via The Zimbabwean | Zimbabwe News. 17June 2014
World Bank gloomy on Zim economic growth
The international financial institution projected that economic growth would subsequently sink to 0.6 percent, warning of the possible danger of the growth rate turning negative in 2017 if no meaningful reforms are carried out to attract general investment.
Finance Minister Patrick Chinamasa has admitted that he does not have a clue how to fix the economy, adding that he does not know why it deteriorated in the post-election period.
Companies are closing down in their hundreds and unemployment is rising, crippling government efforts to raise revenue.
Government, in recent months, has had to shift pay dates for civil servants because of a liquidity crunch and is failing to fund critical public programmes.
It recently toned down on its indigenisation policy which forced foreign companies to surrender majority shareholding to black Zimbabweans, now preferring to adopt a sector specific approach.
However, investors have assumed a wait-and-see attitude, showing no eagerness to plough their capital into the ailing economy as yet.
Further, the country has moved from hyperinflation to deflation—a trend whereby there are too many goods and little money to purchase them with, thereby reflecting a slowdown in economic activity.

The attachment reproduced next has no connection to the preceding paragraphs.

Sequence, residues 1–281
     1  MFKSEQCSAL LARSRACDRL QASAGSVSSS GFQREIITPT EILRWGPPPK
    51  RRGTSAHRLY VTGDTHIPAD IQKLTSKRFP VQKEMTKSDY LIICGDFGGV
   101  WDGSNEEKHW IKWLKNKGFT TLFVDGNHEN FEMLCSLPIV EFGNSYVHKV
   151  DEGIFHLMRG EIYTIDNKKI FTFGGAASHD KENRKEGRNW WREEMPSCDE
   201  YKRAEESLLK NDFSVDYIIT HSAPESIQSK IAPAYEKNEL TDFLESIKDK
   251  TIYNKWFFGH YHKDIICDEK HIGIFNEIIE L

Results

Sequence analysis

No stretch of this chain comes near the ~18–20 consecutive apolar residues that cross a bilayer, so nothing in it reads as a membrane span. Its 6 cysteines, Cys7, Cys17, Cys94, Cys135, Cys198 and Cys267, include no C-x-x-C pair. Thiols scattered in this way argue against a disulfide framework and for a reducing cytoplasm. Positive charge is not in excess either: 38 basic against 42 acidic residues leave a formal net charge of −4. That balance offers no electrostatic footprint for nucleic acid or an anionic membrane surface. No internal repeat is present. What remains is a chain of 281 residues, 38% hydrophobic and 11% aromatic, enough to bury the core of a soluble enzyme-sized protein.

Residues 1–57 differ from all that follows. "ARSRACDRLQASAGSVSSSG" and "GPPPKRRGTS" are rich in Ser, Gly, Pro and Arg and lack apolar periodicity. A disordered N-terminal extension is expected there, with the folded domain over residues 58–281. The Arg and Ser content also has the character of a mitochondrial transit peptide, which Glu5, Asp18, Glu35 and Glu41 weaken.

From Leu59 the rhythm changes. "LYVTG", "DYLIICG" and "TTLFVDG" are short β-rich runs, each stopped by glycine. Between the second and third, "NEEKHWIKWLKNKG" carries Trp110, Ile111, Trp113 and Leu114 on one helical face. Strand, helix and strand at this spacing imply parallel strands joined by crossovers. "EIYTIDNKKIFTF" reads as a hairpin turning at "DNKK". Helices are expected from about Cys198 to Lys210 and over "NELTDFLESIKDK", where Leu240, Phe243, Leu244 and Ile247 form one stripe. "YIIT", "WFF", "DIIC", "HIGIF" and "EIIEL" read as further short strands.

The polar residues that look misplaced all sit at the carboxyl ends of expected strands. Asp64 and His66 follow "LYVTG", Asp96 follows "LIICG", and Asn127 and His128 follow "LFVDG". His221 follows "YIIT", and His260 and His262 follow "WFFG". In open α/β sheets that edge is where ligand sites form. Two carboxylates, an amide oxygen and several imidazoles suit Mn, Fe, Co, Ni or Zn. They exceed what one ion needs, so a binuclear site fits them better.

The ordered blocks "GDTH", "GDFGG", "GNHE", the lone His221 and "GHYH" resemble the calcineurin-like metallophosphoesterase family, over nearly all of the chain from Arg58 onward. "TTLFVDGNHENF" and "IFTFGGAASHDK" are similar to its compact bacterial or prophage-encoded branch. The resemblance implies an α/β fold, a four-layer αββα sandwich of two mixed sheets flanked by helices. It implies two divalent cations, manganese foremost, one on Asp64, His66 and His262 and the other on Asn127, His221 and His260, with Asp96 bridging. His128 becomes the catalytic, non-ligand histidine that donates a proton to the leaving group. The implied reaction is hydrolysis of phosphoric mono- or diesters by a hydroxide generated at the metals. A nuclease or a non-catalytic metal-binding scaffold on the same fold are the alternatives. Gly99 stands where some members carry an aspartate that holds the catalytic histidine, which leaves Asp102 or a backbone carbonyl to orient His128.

According to the Zimbabwe National Statistics Agency (Zimstat), the economic is into its fourth month of deflation, since February.
The agency put the year-on-year inflation for May 2014 at -0.19 percent, as reflected by the Consumer Price Index.
Businesses have suffered because of the deflation as their sales have generally gone down.
Meanwhile, Zimbabwe is saddled with huge international loans that it is failing to service.
It owes hundreds of millions to such institutions as the WB, the International Monetary Fund (IMF), African Development Bank (AfDB) and the European Investment Bank (EIB).
During a recent visit, EIB’s division chief for southern Africa and the Indian Ocean region, Deiderick Zambon, said Zimbabwe would not receive preferential treatment from the bank.
“We are a commercial bank and we don’t have a prerogative to forgive debts like our colleagues at the World Bank (WB) or the African Development Bank,” he said.